• 4 Years Ago
      This did not make any sense to me.
      The guy bought the car in '58
      But 30 years later he discovers it was stolen when he bought it?
      And for all this - nobody knows how or when this valuable thing disappeared !?

      What !?
        • 4 Years Ago
        oops nevermind, its the daughter.

        • 4 Years Ago

        Mo' money mo' problems.
        • 4 Years Ago
        Max PL - Exactly what I thought. Good thing we both re-read the article.

        Lets learn how to properly compose an article, Autoblog. Then we can tackle the spelling issue....
      • 4 Years Ago
      I've read up on this quite a bit more than the article says and from what I can tell is Swaters should have no claim to this car at all. The vehicle in question is 0384AM. Kleve owned this car and it was stolen from him in the 80s and the thieves were caught but the car was not recovered. Jack Swaters bought this car in 1990 and it was not in very good condition at all at this time but that really doesn't have much of an affect on its value. Kleve found out that Swaters had the car and tried to have it returned to him but Interpol said that Swaters had car 0394AM, but the thing is 0394AM never existed. The $600,000 that Swaters said he paid was not paid directly to Kleve and supposedly not in the full ammount. This should have nullified any deal and Kleve believed he was getting the car back. Now that Kleve has died, Swaters is suing Kleve's daughter for the parts that they still possess, the title to the car, and the 0384AM chassis plate. It appears that Swaters knew it was a stolen car all along and concealed it as 0394AM and now that Kleve is dead he wants to make it authentic and go after the daughter as right now it cant be run at any Ferrari sanctioned events.
      • 4 Years Ago
      Here's a bit more on how the car disappeared... Still full of holes!
      Kleve's daughter, Kristi Kleve Lawson, says the car was stored outdoors in a Cincinnati lot with a hundred other old cars. She says her dad knew the car was valuable when he bought it in 1958 for $2,500.
      "He collected Duesenbergs; he collected Rolls-Royces. I know he had at least a dozen," she says.

      In 1988, Kleve discovered the Ferrari was stolen. Two Cincinnati men were later convicted of the crime, but the car had disappeared. Lawson says her dad searched for it for years, eventually tracking it down in Belgium.

      This is where the case gets a little more complicated. Lawson says Interpol got involved and convinced Belgium authorities that the car was stolen. She says it was eventually released to Swaters.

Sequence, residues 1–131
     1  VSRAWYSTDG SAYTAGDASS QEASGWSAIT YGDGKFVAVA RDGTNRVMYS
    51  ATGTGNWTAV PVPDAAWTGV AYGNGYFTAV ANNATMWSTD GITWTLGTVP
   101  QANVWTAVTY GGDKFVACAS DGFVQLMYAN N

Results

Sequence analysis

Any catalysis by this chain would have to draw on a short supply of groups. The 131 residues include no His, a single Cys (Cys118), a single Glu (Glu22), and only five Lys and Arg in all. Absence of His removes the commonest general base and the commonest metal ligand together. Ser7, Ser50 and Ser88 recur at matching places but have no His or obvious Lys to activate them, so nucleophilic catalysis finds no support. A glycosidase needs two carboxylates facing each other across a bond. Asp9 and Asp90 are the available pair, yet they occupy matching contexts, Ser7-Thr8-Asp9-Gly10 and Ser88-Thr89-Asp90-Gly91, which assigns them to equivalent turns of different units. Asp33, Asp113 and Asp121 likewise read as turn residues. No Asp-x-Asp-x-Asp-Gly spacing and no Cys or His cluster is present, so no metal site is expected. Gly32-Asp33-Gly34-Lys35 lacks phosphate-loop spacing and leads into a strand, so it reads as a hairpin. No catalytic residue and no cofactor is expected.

• 4 Years Ago
      Hooray for the peanut gallery coming to the rescue, as this summary was poorly written and made no sense.
      • 4 Years Ago
      sell it split the cash, how much money do you need antway
      • 4 Years Ago
      "Ferrari only built six 375 Plus models. Of those, only four survive today."

      Only 4/6 suvive today? I can't think of many other cars built in 1954 of which 67% of the examples are still around. :)
        • 4 Years Ago
        It was a joke. And if your talking about build quality anything Italian WILL fall apart outside the hands of a collector.
        • 4 Years Ago
        Probably old school Land Rovers and most Rolls Royces and there are a lot of limited models who 100% of the cars survive.
        • 4 Years Ago
        Chevy built 5 1963 Grand Sports. All 5 are accounted for. That's 100% for American reliability.
      • 4 Years Ago
      Jesus, have they ever heard of Carfax?
      • 4 Years Ago
      Shame on Mr. Swaters, for being dumb. One of the first things you learn in the old car biz is that you don't spend money on it until you have all the paper work nailed down. Cars this rare and valuable leave an ownership/possesson trail a mile wide, part of the ownership experience for a collector is being able to tell where it has been and who had it. Not going to convience me that he did not know he did not have the title.
        • 4 Years Ago
        From what I just read, he paid for the title, he is suing because they have yet to hand it over, and now that the car is restored and worth far more than the $600k he paid, they are reneging on the deal.
      • 4 Years Ago
      I find in favor of the person holding the title....

      now I've heard that posession is 9/10ths but in this case.....
      I'm with the the Lawsons....

      this is a case of stupid rich folks fighting over an awesome toy/collectible.

      nobody is going hungry but they sure will shell out legal/investigation fees
      to get their way.

      .... I think I'm gonna go read the original article....
        • 4 Years Ago
        I don't. Give me ten minutes and I'll make you a perfect 1958 car title.

        In other crime news: someone stole the Chicago Manual of Style belonging to the writer. This article reads like the work of a confused old lady.